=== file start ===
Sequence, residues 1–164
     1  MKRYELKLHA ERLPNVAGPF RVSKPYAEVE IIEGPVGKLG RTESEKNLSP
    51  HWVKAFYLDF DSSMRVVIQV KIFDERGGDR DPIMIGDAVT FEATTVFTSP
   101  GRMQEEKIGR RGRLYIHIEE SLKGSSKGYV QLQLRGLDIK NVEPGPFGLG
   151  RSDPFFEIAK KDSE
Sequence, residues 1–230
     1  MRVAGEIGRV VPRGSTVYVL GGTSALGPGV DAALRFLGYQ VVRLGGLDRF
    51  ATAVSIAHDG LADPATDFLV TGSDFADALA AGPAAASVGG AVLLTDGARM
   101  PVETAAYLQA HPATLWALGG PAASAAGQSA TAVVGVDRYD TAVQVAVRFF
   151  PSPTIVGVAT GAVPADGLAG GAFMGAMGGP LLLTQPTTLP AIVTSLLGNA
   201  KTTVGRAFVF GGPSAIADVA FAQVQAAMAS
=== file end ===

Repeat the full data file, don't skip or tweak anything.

Sequence, residues 1–164
     1  MKRYELKLHA ERLPNVAGPF RVSKPYAEVE IIEGPVGKLG RTESEKNLSP
    51  HWVKAFYLDF DSSMRVVIQV KIFDERGGDR DPIMIGDAVT FEATTVFTSP
   101  GRMQEEKIGR RGRLYIHIEE SLKGSSKGYV QLQLRGLDIK NVEPGPFGLG
   151  RSDPFFEIAK KDSE
Sequence, residues 1–230
     1  MRVAGEIGRV VPRGSTVYVL GGTSALGPGV DAALRFLGYQ VVRLGGLDRF
    51  ATAVSIAHDG LADPATDFLV TGSDFADALA AGPAAASVGG AVLLTDGARM
   101  PVETAAYLQA HPATLWALGG PAASAAGQSA TAVVGVDRYD TAVQVAVRFF
   151  PSPTIVGVAT GAVPADGLAG GAFMGAMGGP LLLTQPTTLP AIVTSLLGNA
   201  KTTVGRAFVF GGPSAIADVA FAQVQAAMAS